- Start young!
- Be prepared to overcome misconceptions.
Mechanisms for engagement:
- Use Simpsons/ Generation Y or relevant cartoon characters with kids
- Conduct activities and perhaps create Earth science centers in libraries.
- Conduct activities at Starbucks?
- Podcasting—get info to their phone!
- Star parties! Partner with a local astronomical society.
- Educate them on other moons in Solar System
- Use a student citizens forum: competition with responsible environmental approach
- Create afterschool Moon clubs
K-12 Group: Elementary, Middle School, and Pre-Service
This audience is varied, and ranges from special needs and unmotivated-low achieving students, to those who are digitally-video-visual stimulated; motivated, high-achievers, classroom educators, and home school students.
Issues to be addressed:
- Test/standards driven classroom
- Plus the required time/ energy on space topics
- Interdisciplinary needs
Methods for combining efforts
- Replacement curriculum—include a Moon focus that is standards-aligned
- Middle school interdisciplinary teaming
- Teacher workshops
- Teachers work collaboratively
- Teachers and students working with scientists
Create thematic units by state and time length
- Teachers would organize their content around a space theme; create their own Year of the Moon
- Need a way to tie into TEKS that is easy for teachers to reference
Mechanisms for engagement:
- Incorporate role models
- Hold a competition
- Collaborative projects
- Borrow free material kits
- Conduct interactive online labs/ podcasts
- Invite a speaker to the classroom
- Create a classroom experiment—a spin off from space exploration
Key words to describe ways to reach audiences using new media include: retool, dialogue, linking, participatory, and “greater than Apollo”
Types of new media efforts include
- Cell phone plus
- Social networking; content networking; peer-to-peer
- Includes twitter, flicker, U tube, , Facebook, wiki,
- Aggregations, content providers
- K-12 (safety and security are an issue for this audience)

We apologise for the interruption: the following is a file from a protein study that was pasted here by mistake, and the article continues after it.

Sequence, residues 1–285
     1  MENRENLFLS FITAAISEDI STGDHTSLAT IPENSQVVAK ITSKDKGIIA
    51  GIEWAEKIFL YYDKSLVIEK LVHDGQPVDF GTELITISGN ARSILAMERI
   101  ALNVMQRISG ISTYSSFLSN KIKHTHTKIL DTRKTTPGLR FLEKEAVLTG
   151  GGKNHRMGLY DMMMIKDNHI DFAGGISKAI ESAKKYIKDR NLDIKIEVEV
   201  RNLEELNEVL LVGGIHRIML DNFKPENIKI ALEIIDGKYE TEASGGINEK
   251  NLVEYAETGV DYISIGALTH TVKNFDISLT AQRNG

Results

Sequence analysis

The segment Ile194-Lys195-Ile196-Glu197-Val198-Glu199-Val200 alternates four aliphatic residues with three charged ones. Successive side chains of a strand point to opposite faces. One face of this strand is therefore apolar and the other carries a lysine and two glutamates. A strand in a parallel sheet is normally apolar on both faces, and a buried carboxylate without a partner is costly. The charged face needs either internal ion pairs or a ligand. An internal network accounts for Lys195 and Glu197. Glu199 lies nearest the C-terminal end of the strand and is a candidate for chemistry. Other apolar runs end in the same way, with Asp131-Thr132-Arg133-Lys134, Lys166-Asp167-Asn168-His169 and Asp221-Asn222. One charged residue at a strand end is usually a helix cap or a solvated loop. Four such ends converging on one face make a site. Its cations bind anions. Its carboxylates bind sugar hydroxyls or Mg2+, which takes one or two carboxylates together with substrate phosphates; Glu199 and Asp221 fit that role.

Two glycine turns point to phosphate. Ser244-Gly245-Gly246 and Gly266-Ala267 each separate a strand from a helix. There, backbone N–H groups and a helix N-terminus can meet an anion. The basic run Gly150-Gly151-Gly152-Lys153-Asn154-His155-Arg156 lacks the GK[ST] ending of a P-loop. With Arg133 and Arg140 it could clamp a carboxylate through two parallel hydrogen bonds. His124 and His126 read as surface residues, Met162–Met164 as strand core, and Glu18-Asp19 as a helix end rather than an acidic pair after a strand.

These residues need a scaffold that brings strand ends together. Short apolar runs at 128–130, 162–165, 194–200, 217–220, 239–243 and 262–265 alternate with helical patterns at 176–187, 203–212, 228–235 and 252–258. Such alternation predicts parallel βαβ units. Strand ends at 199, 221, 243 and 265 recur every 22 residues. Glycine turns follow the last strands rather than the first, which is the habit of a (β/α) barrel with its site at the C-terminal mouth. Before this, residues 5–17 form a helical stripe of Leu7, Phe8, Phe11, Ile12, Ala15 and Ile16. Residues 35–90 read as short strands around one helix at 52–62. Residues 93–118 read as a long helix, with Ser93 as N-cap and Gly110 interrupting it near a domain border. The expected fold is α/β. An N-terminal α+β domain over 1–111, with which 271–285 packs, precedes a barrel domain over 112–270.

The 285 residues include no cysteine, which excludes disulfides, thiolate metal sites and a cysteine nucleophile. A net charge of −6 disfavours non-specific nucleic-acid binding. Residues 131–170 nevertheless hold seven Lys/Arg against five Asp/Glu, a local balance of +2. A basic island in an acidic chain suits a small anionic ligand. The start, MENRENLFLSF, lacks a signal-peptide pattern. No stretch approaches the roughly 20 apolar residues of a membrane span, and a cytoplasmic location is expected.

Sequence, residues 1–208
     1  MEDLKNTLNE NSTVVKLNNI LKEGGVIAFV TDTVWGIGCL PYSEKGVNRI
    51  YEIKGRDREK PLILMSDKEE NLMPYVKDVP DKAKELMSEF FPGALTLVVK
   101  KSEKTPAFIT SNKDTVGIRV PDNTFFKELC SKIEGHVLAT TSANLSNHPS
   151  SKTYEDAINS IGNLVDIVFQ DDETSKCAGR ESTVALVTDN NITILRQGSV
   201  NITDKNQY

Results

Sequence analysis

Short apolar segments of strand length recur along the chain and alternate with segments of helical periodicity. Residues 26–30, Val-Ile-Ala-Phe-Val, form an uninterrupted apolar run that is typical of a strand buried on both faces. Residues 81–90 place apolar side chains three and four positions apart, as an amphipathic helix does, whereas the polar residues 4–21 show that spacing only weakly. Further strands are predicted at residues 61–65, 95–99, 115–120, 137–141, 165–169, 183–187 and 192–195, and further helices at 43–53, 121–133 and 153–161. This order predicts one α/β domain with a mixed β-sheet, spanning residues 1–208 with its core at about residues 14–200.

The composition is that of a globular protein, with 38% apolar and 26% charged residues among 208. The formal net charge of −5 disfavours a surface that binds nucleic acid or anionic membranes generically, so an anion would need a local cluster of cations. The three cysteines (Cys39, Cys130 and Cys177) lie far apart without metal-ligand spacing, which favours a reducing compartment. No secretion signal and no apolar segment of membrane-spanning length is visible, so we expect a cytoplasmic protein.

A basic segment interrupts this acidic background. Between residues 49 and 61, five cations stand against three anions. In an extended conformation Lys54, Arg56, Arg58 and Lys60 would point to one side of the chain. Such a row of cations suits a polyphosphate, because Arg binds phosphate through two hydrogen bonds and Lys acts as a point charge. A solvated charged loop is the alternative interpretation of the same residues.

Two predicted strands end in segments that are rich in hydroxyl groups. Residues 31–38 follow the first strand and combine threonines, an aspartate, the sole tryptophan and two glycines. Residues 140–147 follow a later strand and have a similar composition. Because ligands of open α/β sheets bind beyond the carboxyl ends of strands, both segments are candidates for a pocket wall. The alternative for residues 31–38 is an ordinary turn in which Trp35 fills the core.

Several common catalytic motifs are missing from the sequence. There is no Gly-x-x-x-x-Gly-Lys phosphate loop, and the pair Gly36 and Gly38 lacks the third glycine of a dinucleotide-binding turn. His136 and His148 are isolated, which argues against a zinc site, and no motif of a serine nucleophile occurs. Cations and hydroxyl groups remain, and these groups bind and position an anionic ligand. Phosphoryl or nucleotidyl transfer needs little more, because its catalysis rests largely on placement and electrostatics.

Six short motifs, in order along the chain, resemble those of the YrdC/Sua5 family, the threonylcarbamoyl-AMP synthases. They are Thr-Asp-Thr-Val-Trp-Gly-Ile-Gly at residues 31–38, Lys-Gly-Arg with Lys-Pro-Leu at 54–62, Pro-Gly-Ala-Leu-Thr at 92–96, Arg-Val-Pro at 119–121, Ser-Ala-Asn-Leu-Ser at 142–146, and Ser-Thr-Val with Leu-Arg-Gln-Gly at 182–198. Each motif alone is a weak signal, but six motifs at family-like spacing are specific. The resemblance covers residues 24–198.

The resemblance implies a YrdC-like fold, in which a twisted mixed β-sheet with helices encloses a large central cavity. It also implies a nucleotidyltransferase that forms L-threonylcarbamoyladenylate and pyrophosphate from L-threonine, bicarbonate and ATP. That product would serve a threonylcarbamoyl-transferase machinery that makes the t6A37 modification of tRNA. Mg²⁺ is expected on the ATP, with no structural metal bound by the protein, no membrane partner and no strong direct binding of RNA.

- Parents—adult learners
- Types of technology may be incompatible.
- 509 access
- The technology is evolving and changing constantly.
- Schools’ access may be limited to certain companies; for instance, some only use United Streaming.
Mechanisms for engagement:
- Multi-media event
- Collaborative efforts
- Web 7.0
- Teacher tube
- Next Gen conference
Other Moon resources available
- NASA Cratering the Moon Challenge
- Student / scientist data manipulation
- Exploring the Moon
- Lunar Samples disks
- AESP—teacher professional development on the Moon
- Cosmic Collision video
- AMNH’s Fieldtrip to the Moon
- Cartoons (Woody Woodpecker, Japanese animated series “Planetes”; for adults: “Moonlight Mile”)
- American Manga (cartoon graphic novel) “Earthlight”
- Future Pixar production (Wally-ee?)
- Data for classroom use
- Citizen-science experiments
- “Google Moon” “Google Lunar XPrize”
- teacher lunar exploration grants through AESP Penn State
- Living & working in Space –Energy—apply to the Moon
- Living & Working in Space—Habitat—apply to Moon
- Miconceptions—private universe
- Public podcasts 18-20 year olds (U Tube, HS)
- Competitions—Mars Rover Quest
- Materials—kits, equipment loans
- Online—interactives, electronic field trips, podcast
- Odyssey Clock—RCClarke—other fiction
- Imagination “Mars Mission”